New U Michigan-GM Institute Focuses on 'Reinventing the Car'
- By Dian Schaffhauser
The University of Michigan (U-M) in Ann Arbor and General Motors have formed the Institute of Automotive Research and Education, with a focus on clean and efficient vehicle technologies that address major societal challenges, including energy diversity, sustainable mobility, and technology innovation. It will link U-M faculty and GM in research and other projects as well as facilitate an exchange of technical personnel and knowledge. The projects will supplement on-going work within GM and will provide U-M faculty and students with research focused on real-world challenges.
"The Institute will provide exceptional research opportunities for U-M faculty members and students in support of the transformation of the automotive industry," said David Munson, dean of engineering and professor in the Department of Electrical Engineering and Computer Science. "We look forward to our continued collaborative work with GM and a robust focus in the key areas that will support the reinvention of the automobile."
"No single company, university, or government agency can act on its own to address the ever-changing global energy and environmental demands facing the automotive industry," said Tom Stephens, GM vice chairman for global product development. "GM is leveraging the finest faculty and students at the University of Michigan and our own talented researchers and engineers to accelerate the pace of innovation and develop the knowledge and technology solutions we need to reinvent the automobile."
Activities at the Institute include:
Advanced Battery Coalition for Drivetrains (ABCD): A partnership of industry, academia, and government dedicated to the electrification of the drivetrain. It includes a new U-M automotive advanced battery lab, which will supplement GM's advanced battery activities and focus on cutting-edge experiments to solve battery life and performance issues. ABCD also includes four advanced battery research projects with GM Research and Development with support from the United States Department of Energy and the state of Michigan. The ABCD is linked to the College of Engineering's Energy Systems Engineering master's degree program, now in its second year.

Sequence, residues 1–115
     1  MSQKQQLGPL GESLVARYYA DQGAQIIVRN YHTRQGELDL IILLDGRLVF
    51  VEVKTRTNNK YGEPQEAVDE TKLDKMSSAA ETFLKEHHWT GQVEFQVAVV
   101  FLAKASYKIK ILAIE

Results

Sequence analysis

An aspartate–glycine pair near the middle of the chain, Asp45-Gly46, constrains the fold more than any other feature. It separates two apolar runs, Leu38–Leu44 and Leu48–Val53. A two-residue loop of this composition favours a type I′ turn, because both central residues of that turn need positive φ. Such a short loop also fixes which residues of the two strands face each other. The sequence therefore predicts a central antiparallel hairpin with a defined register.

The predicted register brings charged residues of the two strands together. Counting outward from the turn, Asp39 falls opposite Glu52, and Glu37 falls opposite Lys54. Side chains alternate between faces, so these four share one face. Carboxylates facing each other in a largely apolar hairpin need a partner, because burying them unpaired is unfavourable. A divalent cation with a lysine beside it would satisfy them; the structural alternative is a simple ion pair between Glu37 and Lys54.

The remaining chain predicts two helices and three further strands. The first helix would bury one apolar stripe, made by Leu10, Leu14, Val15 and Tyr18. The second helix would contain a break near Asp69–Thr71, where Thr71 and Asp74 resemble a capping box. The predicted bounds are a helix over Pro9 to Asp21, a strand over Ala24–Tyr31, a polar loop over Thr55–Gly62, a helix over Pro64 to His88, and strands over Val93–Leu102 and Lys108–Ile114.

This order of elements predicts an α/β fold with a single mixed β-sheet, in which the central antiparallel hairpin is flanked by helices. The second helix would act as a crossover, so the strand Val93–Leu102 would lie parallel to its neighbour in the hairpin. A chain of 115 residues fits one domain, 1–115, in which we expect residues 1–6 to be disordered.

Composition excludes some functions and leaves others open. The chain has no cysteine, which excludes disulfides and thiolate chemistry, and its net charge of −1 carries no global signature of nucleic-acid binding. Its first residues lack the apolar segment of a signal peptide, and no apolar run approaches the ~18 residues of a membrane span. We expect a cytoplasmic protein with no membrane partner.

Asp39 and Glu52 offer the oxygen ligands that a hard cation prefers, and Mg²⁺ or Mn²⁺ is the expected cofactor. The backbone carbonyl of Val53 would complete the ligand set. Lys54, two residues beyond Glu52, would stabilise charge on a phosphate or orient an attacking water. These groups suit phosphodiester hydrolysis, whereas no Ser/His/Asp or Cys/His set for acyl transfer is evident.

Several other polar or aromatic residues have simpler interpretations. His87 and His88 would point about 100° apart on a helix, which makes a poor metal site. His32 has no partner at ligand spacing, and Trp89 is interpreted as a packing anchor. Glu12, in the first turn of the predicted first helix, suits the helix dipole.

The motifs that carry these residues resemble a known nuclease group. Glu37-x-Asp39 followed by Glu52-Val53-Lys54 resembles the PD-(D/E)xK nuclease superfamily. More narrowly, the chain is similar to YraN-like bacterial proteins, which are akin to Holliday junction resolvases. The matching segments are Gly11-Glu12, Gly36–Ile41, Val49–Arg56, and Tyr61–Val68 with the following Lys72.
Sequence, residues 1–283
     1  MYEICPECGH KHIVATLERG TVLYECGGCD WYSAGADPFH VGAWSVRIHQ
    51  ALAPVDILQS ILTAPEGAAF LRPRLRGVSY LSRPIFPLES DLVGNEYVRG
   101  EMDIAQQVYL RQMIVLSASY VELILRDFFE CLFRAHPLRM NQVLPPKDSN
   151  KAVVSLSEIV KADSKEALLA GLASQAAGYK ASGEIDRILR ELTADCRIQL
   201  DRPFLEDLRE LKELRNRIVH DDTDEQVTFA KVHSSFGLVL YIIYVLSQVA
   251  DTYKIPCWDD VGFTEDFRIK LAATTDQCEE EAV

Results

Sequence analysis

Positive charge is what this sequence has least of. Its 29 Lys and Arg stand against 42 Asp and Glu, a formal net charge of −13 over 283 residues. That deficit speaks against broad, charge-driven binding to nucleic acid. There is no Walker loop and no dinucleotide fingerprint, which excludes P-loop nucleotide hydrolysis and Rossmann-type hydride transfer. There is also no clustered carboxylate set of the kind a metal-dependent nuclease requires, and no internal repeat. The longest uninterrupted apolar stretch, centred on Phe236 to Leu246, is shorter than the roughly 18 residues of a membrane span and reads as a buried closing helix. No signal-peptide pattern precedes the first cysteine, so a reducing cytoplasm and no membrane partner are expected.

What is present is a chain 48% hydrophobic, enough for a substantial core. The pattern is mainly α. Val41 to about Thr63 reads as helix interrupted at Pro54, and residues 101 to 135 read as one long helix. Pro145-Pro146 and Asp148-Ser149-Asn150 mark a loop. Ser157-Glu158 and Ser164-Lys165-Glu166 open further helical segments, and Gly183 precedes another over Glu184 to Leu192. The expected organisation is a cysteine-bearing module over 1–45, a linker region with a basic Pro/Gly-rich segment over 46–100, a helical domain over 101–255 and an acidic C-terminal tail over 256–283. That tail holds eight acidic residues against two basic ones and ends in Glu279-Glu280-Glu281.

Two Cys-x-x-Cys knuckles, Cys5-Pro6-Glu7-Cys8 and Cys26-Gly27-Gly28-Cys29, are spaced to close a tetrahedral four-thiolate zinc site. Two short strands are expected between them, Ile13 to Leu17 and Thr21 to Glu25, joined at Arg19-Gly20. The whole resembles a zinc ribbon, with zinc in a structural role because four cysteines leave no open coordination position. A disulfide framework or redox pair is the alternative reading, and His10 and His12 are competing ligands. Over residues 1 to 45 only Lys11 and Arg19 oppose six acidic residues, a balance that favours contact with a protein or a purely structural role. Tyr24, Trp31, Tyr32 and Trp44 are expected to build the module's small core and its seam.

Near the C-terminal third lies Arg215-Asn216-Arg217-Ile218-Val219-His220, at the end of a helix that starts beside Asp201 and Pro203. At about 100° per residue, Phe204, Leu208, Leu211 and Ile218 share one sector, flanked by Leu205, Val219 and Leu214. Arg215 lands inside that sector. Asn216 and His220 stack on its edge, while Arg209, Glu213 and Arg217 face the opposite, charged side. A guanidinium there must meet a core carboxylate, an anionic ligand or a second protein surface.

Engine systems: Researchers are developing knowledge, analytical tools, and experimental techniques to assist GM's initiatives to further improve direct injection engine systems with maximum fuel efficiency and low exhaust emissions. U-M is working with GM to understand homogeneous charge compression ignition (HCCI), which can improve fuel economy by 15 percent when combined with other technologies. This collaborative lab is pioneering research work to develop an understanding of combustion chamber deposits, their effects on HCCI combustion as well as opportunities for controlling their growth.
Advanced vehicle manufacturing: Research to advance key manufacturing processes and systems that support vehicle electrification, including lithium-ion battery pack manufacturing processes and systems, as well as processes for lightweight structures.
Smart materials: Materials that respond to changing conditions or external stimuli--such as shape memory alloys--can replace mechanically operated vehicle components. GM and U-M researchers are exploring these smart materials, which are lightweight, low cost, and possess a high energy density. The lab is also developing design methods and tools to support these technologies, improve their development cycle, and integrate them into marketable automotive products.
The collaborative relationship between GM and U-M spans a half-century and includes many joint patents and research papers. GM employs 2,000 U-M graduates and during the last nine years has funded nearly 100 U-M research projects.
Dian Schaffhauser is a writer who covers technology and business for a number of publications. Contact her at email@example.com.